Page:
At India’s highly-guarded and walled atomic establishment, there are cheers in southern India, but tears in the western part of the country.
Much to cheer about at Kudankulam, as India’s largest nuclear power park situated not far from the tip of India, Kanyakumari, is now operational. The twin 1000 MW atomic reactors have nuclear fission reaction running in them for the first time. The first unit started supplying electricity in 2013 and the second unit which became operational this week and will start feeding electricity to the grid in a few weeks.
At the same time, some 2000 km away, some grief and tears since the indigenously made Kakrapar Atomic Power Station in Gujarat remains shut for nearly four months after a leak in the nuclear island of the reactor forced an emergency shut down of a fully operating plant.
The bigger headache for the Indian nuclear engineers is that even after several months of investigation the exact reason why the ‘leak’ took place remains a mystery. The usually mild mannered but vigilant nuclear watchdog of India — the Atomic Energy Regulatory Board (AERB) — issued an ominous statement which said “the incident of leak from a coolant channel at Kakrapar Atomic Power Station Unit 1 at an early stage of its life has raised some concerns”.
At Kudankulam, which is not far from Lanka, the 14-year hiatus in starting the atomic reactors is almost akin to the 14-year ‘vanvas’ or banishment for Lord Rama as recorded in the religious epic Ramayana. The nuclear ‘vanvas’ for Kudankulam ended on July 10, 2016 when the first sustained nuclear fission was attained in the second unit of the Russian made nuclear reactors.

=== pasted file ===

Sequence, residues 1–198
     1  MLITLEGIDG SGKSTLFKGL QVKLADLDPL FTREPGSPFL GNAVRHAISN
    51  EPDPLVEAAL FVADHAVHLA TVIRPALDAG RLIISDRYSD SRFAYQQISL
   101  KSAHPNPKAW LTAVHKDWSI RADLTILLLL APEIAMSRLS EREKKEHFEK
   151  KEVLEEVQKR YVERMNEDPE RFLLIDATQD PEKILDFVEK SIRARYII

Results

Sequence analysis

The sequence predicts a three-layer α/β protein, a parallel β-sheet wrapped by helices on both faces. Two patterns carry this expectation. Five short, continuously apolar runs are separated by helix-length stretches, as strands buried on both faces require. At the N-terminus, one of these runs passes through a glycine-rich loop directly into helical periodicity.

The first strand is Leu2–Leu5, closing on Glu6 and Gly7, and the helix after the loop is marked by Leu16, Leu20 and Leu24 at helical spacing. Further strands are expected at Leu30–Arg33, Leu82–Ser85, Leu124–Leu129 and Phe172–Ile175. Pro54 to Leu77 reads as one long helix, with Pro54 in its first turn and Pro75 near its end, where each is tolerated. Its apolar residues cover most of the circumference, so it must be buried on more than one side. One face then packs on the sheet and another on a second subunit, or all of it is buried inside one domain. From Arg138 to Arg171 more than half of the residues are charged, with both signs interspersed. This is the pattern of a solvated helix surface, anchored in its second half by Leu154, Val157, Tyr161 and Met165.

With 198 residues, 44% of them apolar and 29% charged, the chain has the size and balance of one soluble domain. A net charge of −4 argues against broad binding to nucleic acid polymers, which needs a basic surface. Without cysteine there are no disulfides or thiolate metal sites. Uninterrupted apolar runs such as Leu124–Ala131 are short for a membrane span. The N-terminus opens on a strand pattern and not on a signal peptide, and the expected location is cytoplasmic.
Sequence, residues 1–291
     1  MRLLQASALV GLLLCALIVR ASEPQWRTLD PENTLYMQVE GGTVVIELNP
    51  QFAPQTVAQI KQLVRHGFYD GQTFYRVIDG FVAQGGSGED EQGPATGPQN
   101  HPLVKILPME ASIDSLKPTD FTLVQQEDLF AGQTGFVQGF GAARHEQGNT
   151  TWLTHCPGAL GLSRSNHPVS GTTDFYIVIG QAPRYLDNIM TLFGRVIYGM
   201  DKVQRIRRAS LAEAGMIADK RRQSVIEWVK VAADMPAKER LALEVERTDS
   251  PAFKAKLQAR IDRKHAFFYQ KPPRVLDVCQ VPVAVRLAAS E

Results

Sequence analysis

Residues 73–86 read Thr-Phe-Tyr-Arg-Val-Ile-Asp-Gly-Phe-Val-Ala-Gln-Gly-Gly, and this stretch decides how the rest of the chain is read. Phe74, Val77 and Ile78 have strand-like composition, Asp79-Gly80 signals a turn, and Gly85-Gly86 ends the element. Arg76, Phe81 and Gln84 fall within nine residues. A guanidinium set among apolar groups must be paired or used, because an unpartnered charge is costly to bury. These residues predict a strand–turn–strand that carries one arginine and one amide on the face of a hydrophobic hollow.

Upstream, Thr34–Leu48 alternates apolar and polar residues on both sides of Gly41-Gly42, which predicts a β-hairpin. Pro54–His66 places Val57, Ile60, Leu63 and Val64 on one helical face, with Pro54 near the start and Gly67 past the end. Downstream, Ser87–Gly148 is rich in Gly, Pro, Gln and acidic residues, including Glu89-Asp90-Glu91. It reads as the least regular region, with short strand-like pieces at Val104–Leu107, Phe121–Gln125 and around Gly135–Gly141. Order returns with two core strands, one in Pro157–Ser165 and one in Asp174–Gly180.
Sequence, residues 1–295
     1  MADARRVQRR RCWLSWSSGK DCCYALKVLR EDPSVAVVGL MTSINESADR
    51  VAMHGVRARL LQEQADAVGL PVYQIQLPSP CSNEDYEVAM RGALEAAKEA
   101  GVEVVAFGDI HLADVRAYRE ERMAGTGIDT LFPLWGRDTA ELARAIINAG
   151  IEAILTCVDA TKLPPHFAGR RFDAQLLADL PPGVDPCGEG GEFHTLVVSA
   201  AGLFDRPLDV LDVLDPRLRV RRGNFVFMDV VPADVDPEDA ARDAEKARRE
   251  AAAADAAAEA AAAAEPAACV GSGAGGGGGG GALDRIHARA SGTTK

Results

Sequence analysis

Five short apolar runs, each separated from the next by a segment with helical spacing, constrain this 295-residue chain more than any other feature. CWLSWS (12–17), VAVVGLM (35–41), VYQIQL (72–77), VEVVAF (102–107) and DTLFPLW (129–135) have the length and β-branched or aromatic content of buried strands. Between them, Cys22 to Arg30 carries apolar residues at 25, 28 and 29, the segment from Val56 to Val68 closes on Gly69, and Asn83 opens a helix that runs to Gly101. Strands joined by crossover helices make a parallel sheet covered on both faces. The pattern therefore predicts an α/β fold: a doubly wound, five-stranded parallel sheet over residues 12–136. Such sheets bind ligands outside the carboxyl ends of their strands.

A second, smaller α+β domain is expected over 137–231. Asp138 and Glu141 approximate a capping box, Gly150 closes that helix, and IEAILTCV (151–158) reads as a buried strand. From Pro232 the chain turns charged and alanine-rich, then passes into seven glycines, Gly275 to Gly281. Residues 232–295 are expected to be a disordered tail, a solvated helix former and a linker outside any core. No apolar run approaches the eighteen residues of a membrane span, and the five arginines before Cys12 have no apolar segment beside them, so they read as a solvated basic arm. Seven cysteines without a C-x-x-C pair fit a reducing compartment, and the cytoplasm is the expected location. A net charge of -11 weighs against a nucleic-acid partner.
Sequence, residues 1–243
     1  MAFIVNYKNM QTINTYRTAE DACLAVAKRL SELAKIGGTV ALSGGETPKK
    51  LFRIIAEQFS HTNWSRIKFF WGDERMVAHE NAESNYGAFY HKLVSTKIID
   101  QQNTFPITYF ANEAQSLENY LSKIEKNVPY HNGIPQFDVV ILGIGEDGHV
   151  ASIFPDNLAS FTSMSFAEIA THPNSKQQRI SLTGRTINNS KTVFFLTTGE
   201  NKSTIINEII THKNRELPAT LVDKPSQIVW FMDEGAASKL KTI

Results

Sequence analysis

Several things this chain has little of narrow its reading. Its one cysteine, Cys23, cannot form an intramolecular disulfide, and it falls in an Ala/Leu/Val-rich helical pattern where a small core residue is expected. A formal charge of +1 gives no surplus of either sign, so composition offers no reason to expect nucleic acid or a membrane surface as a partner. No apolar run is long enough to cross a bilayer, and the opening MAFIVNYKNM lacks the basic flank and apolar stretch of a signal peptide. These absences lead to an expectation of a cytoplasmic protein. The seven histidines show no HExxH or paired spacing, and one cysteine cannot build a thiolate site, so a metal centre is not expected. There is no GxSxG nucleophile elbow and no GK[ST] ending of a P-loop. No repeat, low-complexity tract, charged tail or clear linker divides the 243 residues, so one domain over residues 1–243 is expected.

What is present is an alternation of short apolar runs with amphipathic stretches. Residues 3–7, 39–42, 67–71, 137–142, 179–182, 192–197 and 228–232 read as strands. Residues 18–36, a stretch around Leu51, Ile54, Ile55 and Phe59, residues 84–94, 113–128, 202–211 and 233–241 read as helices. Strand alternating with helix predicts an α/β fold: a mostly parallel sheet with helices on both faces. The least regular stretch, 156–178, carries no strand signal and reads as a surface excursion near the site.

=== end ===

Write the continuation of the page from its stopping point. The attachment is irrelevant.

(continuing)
The construction for the first two units began way back in 2002 with the target to make it operational in five years, but today it has taken almost three times that amount of time.
Time over runs on infrastructure projects prove to be very costly especially since Tamil Nadu was woefully short of electricity.
The large reactors at Kudankulam have been delayed for various reasons — there was considerable delay in supplying parts by Russian manufacturers and then just as the first unit was to become operational three years ago, an anti-nuclear agitation in part initially fuelled by the local state government of Tamil Nadu halted work at the almost ready atomic plants.
Today the two atomic reactors at Kudankulam have cost over Rs 22,000 crore, confirms S K Sharma, chairman-cum-managing director of the Nuclear Power Corporation of India Limited (NPCIL), the operator of the plant. The 10-year delay escalated the cost of the reactors by almost Rs 9000 crore — a huge drain on the exchequer.
Local anti-nuclear activists like S P Udayakumar dub the reactors as “unsafe” and call them a huge risk for the people living around the giant reactors. The fairly affluent fisher folk who inhabit the village closet to the nuclear reactors called Idinthakarai erupted against the establishment of the atomic reactors in their backyard and forced the plant authorities to delay the start of the reactors.
Countering the claims of the activists, the then chairman of the Atomic Energy Commission Srikumar Banerjee had called the Kudankulam reactors “one of the safest in the world”.